Balancing all these diverse factors is difficult, because no solution is optimal for every company. Here are some final tips to help you make prudent decisions: 1/ Understand your PDM/PLM system part number generation capabilities; 2/ Understand the limitations of any other systems that interact with your parts; 3/ Go through every activity that requires interpreting part numbers and understand what system access is available, and how the interfaces work. This will provide a good basis for your interpretation cost; 4/ Understand how easy/difficult it is for a new employee to interpret a part number.

These tips made me think again about Part Numbering, data and different data and process management tools involved into the process of Part Numbers handling. Most of approaches are focusing on systems and functionality to handle part identification and classification. What we do is trying to align our need to identify and classify parts with what multiple systems can do. The hardest part is to find Part Numbers that will make all systems involved into the process (CAD, PDM, PLM, ERP, SCM, etc.) to work smooth. Honestly it is too complex and too costly.

So, how to manage that complexity? Is there a reasonable way to resolve the complexity of Part Numbering and made everybody happy? Thinking about that I came to conclusion that companies should start thinking about data first. From the longevity standpoint, data must have much higher priority compared to any data management system. In some industries companies are obliged to keep data for decades. Thinking about that, I want to outline some principles that will help you to do so and will allow to create some standardization around parts and data identification.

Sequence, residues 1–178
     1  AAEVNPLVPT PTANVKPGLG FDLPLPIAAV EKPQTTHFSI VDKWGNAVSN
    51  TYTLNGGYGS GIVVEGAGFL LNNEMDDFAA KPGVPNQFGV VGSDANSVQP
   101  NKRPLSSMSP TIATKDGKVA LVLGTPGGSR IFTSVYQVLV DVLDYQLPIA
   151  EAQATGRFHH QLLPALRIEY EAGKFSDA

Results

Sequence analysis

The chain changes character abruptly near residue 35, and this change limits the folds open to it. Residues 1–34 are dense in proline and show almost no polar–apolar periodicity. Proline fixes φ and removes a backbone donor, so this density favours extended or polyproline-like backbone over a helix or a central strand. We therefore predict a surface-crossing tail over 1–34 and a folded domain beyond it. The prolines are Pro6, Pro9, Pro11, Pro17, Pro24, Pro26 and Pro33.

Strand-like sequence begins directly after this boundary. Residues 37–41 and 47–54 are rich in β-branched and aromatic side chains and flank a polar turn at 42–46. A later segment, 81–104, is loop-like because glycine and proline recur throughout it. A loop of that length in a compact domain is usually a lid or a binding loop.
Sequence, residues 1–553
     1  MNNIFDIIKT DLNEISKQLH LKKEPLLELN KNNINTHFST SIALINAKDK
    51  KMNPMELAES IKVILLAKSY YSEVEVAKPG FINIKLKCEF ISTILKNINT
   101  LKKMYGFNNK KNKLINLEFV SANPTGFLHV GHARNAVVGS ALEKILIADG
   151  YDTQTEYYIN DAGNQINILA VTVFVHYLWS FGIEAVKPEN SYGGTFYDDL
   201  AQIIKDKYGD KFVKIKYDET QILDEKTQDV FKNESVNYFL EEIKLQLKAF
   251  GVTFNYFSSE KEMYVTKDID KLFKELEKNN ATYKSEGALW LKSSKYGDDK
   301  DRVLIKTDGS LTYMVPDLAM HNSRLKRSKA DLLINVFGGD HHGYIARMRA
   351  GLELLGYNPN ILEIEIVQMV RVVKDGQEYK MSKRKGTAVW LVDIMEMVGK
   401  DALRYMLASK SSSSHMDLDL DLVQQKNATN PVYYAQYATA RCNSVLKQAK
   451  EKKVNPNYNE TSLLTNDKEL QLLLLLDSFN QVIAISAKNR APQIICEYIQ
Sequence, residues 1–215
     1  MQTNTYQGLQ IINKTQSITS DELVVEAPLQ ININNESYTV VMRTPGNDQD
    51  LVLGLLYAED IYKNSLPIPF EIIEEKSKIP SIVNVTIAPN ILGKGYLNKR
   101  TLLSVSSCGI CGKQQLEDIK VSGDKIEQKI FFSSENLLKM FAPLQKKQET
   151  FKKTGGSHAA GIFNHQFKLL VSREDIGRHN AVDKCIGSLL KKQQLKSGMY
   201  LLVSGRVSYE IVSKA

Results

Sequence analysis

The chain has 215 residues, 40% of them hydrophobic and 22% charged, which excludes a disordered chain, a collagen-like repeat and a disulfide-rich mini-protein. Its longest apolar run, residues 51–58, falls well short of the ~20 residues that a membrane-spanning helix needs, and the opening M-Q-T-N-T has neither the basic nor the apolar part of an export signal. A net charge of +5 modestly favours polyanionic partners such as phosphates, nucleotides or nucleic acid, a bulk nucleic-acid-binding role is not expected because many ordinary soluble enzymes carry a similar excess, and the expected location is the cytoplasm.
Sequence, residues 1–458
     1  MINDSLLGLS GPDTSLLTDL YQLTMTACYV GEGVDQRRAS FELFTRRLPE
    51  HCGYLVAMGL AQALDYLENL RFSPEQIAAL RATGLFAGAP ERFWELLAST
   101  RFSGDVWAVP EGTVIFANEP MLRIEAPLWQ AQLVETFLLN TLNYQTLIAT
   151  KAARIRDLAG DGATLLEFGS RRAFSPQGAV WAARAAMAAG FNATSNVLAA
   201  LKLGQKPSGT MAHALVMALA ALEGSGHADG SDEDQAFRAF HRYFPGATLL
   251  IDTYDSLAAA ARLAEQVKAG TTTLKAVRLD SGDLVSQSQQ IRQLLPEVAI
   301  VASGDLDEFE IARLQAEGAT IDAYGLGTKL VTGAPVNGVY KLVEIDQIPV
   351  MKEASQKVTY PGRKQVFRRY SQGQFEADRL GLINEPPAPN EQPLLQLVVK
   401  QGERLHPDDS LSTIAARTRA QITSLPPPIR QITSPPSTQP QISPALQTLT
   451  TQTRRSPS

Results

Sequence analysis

1- Disconnect Part Numbers and classification from specific applications. PN should not be dependent on requirements and capabilities of data and process management systems. Data has much longer lifespan compared to applications and systems. By defining PN independently you will keep data and processes in your company clean and well organized.

2- Generate PN based on classification, business needs and processes.  Develop independent service to make it happen. This service is most probably should be independent from existing data management systems and converted in some sort of URI based notation.

3- Use  independent service to convert independent PN into system specific identification. You can convert for any system you have at your disposal – PDM, PLM, ERP, SCM… What is important is to be able to control the process of conversion and adapt it each time data and/or process management system changes.

What is my conclusion? Product data is one of the most expensive assets in manufacturing companies. It represents your company IP and it is a real foundation of every manufacturing business. Think about data first. It will help you to develop strategy that organize data for longer lifecycle and minimize the cost of bringing new systems and manage changes in existing systems. I think, some services should be developed to make the process of part numbering easier for manufacturing companies. As manufacturing is getting global to maintain part numbering systems becomes a huge problem. Just my thoughts…